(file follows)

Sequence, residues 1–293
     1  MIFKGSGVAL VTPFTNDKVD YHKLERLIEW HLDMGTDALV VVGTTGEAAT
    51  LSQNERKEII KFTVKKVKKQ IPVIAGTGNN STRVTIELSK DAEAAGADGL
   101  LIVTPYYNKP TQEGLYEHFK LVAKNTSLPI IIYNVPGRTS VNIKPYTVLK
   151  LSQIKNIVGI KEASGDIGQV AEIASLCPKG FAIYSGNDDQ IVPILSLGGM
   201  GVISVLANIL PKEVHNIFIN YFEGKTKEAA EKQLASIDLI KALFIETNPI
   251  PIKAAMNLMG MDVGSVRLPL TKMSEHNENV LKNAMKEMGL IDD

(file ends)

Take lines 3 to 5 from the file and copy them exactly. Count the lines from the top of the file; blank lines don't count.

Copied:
    51  LSQNERKEII KFTVKKVKKQ IPVIAGTGNN STRVTIELSK DAEAAGADGL
   101  LIVTPYYNKP TQEGLYEHFK LVAKNTSLPI IIYNVPGRTS VNIKPYTVLK
   151  LSQIKNIVGI KEASGDIGQV AEIASLCPKG FAIYSGNDDQ IVPILSLGGM